For many transgender people, these periods of transition are numerous, with many goal posts, successes, disappointments, beginnings, and endings. I invite you to ask your own transgender friends and see what stories they have to share.
Types of Transitioning for Transgender People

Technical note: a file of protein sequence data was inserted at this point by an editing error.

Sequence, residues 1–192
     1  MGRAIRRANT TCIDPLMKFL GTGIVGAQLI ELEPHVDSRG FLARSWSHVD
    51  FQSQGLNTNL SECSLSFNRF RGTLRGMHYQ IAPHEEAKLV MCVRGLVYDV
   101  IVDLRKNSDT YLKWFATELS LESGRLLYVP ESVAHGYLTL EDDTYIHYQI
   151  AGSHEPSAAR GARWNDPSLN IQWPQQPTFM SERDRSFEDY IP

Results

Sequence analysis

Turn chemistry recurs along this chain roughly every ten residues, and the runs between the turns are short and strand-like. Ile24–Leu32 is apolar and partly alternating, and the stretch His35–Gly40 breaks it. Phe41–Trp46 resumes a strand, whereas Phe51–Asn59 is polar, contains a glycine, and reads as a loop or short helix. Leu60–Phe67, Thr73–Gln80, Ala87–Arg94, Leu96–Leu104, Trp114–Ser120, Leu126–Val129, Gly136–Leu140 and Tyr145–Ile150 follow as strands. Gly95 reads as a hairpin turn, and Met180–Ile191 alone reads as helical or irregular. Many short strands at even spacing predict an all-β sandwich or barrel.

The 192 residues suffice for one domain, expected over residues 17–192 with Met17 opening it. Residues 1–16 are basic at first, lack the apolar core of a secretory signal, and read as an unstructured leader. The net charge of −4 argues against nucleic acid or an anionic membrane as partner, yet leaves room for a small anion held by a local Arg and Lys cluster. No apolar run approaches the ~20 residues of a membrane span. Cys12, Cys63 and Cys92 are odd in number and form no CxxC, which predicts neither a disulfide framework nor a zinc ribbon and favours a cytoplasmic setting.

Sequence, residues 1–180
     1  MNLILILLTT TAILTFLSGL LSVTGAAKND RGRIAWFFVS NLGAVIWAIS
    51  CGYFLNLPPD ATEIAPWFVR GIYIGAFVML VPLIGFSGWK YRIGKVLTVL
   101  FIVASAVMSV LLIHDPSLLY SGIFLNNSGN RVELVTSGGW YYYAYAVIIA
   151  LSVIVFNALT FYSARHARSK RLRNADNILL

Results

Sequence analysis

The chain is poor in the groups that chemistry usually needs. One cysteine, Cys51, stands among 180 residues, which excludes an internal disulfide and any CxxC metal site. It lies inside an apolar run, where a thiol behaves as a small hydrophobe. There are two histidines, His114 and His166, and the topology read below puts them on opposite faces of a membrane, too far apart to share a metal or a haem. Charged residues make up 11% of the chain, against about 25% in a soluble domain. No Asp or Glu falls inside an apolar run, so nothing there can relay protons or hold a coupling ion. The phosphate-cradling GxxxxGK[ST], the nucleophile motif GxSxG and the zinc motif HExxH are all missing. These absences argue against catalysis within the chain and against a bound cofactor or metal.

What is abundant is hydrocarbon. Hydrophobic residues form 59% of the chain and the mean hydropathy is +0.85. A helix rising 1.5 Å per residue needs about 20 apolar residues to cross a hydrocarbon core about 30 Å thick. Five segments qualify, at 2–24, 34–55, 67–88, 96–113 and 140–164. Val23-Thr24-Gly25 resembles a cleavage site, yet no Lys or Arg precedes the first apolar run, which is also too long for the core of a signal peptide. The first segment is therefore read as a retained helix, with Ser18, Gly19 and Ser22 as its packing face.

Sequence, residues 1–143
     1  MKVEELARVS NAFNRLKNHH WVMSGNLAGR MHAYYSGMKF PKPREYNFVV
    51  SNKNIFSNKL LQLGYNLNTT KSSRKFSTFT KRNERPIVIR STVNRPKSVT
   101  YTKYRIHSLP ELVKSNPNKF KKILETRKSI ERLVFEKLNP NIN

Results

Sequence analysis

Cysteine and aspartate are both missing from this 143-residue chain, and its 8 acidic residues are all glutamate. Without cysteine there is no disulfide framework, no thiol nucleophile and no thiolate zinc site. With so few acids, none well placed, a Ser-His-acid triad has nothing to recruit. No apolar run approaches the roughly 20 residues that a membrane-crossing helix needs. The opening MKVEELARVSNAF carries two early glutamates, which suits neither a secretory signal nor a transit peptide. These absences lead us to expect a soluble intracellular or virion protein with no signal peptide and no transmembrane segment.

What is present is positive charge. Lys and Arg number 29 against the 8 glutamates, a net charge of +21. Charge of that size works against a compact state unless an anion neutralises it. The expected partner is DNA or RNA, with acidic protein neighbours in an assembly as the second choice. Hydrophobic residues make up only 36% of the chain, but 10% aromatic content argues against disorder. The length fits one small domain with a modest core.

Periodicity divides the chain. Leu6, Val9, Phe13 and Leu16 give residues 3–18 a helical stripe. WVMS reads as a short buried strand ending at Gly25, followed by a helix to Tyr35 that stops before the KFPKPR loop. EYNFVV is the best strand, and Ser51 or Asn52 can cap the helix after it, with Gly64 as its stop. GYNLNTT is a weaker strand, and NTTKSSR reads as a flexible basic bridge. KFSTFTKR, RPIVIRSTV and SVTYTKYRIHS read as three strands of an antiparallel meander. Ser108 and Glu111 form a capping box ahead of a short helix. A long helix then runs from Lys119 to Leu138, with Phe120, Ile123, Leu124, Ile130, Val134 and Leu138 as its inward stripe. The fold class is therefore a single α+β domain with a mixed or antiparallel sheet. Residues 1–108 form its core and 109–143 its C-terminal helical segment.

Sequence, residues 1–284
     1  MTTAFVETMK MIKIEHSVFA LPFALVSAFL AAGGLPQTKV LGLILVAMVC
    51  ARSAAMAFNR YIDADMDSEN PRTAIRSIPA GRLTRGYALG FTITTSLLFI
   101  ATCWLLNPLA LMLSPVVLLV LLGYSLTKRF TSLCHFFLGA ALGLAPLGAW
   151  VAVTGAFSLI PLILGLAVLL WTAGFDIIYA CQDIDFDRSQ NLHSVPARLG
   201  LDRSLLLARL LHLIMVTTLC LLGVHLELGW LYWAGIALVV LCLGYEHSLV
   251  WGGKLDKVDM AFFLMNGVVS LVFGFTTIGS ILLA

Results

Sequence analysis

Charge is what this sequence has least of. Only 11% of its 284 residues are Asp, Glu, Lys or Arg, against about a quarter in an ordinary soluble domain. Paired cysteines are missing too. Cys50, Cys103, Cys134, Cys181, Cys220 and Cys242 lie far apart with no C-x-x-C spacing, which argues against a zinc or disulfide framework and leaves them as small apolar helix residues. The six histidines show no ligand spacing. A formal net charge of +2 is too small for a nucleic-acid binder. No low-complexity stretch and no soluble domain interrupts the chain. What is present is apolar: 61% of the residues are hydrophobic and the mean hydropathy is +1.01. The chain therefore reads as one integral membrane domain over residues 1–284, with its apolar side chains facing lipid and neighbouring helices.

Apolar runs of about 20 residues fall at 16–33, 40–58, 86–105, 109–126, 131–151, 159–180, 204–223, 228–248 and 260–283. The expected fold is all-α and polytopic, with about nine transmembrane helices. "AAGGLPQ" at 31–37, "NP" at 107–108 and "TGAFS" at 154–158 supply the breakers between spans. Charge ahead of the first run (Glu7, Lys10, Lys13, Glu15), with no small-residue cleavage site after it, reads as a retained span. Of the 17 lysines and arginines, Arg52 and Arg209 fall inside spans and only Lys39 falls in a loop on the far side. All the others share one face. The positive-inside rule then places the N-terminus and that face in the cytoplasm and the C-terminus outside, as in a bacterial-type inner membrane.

In medical, psychological, and rights-based language, you find a distinction between “medical” transitioning and “social” transitioning. The history of this distinction is interesting in itself and some aspects of one can very well overlap with another. Medical transitions refer mainly to changes to one’s physiological makeup. This includes changes things such as the endocrine system (e.g. hormone replacement therapy) or to one’s physical sex characteristics (e.g. gender-affirmation surgery or also referred to as sex reassignment surgery). Many transgender people strongly believe that being able to change one’s body is important so it matches how they see themselves in their hearts and minds. (If you think about it, this is precisely what a lot of people who beef up at the gym do. The only difference is that people who work on their fitness are seen as culturally appropriate.) But just as many don’t feel that way. One person’s journey might involve extreme discomfort with their bodies, brought about perhaps by their society’s obsession with the physical body and its obsessive stereotyping of people based on what they think genders can or cannot be. Another journey might not have such discomforts, and the struggle could be elsewhere. Both journeys are equally true and meaningful.